The survey sets the boundary at the location described in recorded documents. The survey shows the fence is not located on the legally described boundary between the adjacent properties.

The new owner of the smaller parcel seeks to recover possession of the land between the fence and the boundary.

The neighboring owner of the larger parcel claims the fence is the agreed boundary since it is reasonable to infer the previous owners agreed the location of the fence to be their common boundary.

The owner of the smaller parcel claims the agreed-boundary doctrine does not apply since a recorded legal description of the boundary is available and the true boundary is known and can be located by a survey.

Is the owner of the smaller parcel correct in relying on the legal description of the property to establish the actual boundary location?

Yes! The doctrine of title by agreed boundaries, commonly referred to as the agreed-boundary doctrine, does not apply since:

  • the exact boundary location can be readily located; and
  • the owner of the larger parcel defending the fence as the boundary provided no evidence the prior owners were uncertain as to the true boundary description and then, to resolve their uncertainties of location, agreed the fence would mark the boundary. [Bryant Blevins (1994) 9 C4th 47]

Related article:

Is an owner who fails to timely assert their ownership of land laying beyond a fence barred from claiming trespass?

Agreeing to the boundary

Once owners of adjacent properties uncertain over the true boundary agree to establish the location of their common lot line, the location they set replaces the legal line provided either:

  • a five-year statute of limitations has run; or
  • a substantial loss might result from the boundary line being moved to the legally described location.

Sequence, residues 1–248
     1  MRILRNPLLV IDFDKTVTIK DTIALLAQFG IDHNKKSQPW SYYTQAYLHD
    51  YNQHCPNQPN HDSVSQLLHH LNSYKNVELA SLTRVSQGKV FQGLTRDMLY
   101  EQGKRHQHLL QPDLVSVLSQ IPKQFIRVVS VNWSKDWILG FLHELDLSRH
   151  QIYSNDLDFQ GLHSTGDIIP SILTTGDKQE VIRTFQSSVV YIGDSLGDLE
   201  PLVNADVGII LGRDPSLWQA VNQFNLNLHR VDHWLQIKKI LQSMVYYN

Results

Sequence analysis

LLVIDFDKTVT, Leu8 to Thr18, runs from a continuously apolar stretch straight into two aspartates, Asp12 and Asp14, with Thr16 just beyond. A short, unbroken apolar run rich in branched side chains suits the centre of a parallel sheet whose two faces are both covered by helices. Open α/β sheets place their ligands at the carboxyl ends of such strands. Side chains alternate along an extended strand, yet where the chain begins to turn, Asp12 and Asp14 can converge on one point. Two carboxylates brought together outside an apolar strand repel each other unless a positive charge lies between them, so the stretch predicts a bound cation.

For example, two farms are operated on adjacent parcels of real estate. When the parcels were originally surveyed decades earlier, the federal government placed a five-inch section post to mark the boundary line. The neighbors search but cannot locate the section post to help them set their property lines. Instead of surveying their parcels, they mutually erect a fence intending it to set the boundary between their properties.

The fence is eventually taken down, but the owners continue to farm up to the spot where the fence had been located.

Over five years later, each owner sells their respective property to different buyers. The new buyers continue to farm their parcels within the parameters set by the original owners.

Later, one of the new owners surveys their parcel which reveals the owner’s neighbor has been farming 2.5 acres on their side of the property line described in the public records.

The owner sues to quiet title and reclaim possession to the 2.5 acres. The neighbor claims the fence line became the boundary line when the original owners set the fence as the property line between the adjacent parcels.

Is the fence line the true boundary line?

Yes! When the owners of adjacent real estate are uncertain where their boundary is located, they may agree to set a new boundary line.

Further, the agreed-to boundary which remains in place for more than five years is binding on subsequent owners even though the recorded legal description is different. [Joaquin v. Shiloh Orchards (1978) 84 CA3d 192]

Agreement to make certain

An agreement to mark a boundary line may be oral, written or result from the conduct of neighboring property owners.

Oral or written agreements on the boundary’s location are called express agreements since they are not implied.

Written agreements are the most effective type of express agreement since they formally document the mutual intentions of both owners. However, they usually exist only in the case of a lot line adjustment map. Unlike the conveyance of real estate, owners do not have to put their boundary agreement in writing for it to be enforceable.

With the setting of an agreed boundary, neither owner is conveying real estate to the other. Instead, the owners are agreeing to what land constitutes their own property. [Young v. Blakeman (1908) 153 C 477]